Volume 9 • #75 • September 2008


I guess everybody likes a twofer.  Twofer the price of one?  The widget shown below is better yet.  It is not just a twofer.  It’s a threefer and a fourfer. It replaces the DL glasses that have been helpful in solving the timing problem across the corpus callosum that screws up a dyslectic person’s reading. (See “The Jigsaw Puzzle” on this website for details.)

This I-Card does for the eyes what the earphones do for the ears: instead of reducing the time lag as the glasses do, it simply by-passes the corpus callosum entirely, as the earplugs do for the ears.  Here’s the trick.  The inner part of the retina- the nasal half-  sends what it sees to the opposite side of the brain.  Of course my regular readers know that it is the left hemisphere that does the language processing.  So the right nasal retina is what you want to read with, since it will obligingly ship its info over to the left side where it belongs. The folded edge of the I-Card blanks out the words from the unwanted left nasal retina.  They don’t go anywhere! Mission accomplished.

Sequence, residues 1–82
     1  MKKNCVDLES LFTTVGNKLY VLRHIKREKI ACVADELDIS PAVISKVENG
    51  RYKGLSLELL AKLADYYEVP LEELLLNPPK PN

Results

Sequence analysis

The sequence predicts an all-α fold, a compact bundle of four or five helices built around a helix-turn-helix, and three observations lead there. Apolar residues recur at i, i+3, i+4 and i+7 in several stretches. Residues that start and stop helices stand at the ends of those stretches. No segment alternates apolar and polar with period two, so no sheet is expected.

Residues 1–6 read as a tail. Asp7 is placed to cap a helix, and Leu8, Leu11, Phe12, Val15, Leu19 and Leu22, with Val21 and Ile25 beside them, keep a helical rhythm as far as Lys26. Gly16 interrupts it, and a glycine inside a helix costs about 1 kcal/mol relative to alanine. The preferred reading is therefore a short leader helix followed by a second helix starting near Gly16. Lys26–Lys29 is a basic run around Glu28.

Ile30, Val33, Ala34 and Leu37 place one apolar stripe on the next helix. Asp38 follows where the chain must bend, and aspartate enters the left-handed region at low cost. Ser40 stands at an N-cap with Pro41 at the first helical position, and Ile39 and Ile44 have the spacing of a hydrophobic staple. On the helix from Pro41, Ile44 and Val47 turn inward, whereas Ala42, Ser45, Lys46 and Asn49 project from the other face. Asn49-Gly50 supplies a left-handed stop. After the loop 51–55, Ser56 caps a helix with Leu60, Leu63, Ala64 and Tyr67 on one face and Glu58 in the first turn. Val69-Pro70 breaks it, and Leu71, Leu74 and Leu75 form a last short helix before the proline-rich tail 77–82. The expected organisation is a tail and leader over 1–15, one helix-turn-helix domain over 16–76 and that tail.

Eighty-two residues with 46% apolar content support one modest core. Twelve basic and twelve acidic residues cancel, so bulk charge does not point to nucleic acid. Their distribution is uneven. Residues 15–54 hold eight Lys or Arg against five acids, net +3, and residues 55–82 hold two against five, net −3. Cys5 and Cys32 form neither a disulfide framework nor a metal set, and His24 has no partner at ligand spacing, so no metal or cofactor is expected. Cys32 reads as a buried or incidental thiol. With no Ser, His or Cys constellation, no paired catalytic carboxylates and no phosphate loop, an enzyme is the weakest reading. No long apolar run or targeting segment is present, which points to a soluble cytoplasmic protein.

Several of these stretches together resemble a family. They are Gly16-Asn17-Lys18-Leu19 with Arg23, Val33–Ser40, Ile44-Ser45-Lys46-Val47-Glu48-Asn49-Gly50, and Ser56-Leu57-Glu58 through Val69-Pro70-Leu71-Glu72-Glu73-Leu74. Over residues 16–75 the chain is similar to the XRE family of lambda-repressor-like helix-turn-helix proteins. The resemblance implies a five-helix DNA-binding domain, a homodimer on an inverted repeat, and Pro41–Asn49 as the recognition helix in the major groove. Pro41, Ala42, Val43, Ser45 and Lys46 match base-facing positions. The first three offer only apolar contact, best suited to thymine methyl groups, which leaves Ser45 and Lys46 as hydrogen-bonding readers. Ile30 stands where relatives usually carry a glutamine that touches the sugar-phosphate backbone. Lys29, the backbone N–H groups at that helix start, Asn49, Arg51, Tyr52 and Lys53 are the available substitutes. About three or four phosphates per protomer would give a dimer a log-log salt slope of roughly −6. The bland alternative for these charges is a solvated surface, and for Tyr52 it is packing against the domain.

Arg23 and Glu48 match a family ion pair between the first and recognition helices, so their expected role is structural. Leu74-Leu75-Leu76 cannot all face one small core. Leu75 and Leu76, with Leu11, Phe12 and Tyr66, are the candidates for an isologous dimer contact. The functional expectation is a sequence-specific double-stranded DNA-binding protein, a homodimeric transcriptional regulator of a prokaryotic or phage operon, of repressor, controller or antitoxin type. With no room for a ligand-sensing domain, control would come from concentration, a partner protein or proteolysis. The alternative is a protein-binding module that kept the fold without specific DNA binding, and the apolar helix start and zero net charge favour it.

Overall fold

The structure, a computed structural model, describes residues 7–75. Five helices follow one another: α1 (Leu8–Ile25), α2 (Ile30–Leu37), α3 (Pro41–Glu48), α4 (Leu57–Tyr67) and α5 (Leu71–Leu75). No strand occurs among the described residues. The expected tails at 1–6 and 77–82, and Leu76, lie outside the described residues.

So why a twofer?  Because any time you stimulate the left side, you get the same reduction in depression and/or hyperactivity, both of which are often concomitants of dyslexia. A nice extra.

But why a threefer?  Because if your kid is a lefty and you are afraid that he may be right-brained for language (like 20% of lefties), you can still get the isolation-to-one-side effect without having to find and buy DL glasses cut the other way.  How?  Just turn it other way up and tuck it against the right side of the nose.

But why a fourfer?  Because it is cheap.  If your dog chews it up by mistake, you can just make yourself another one from the backing of a legal pad by bending in one edge. 




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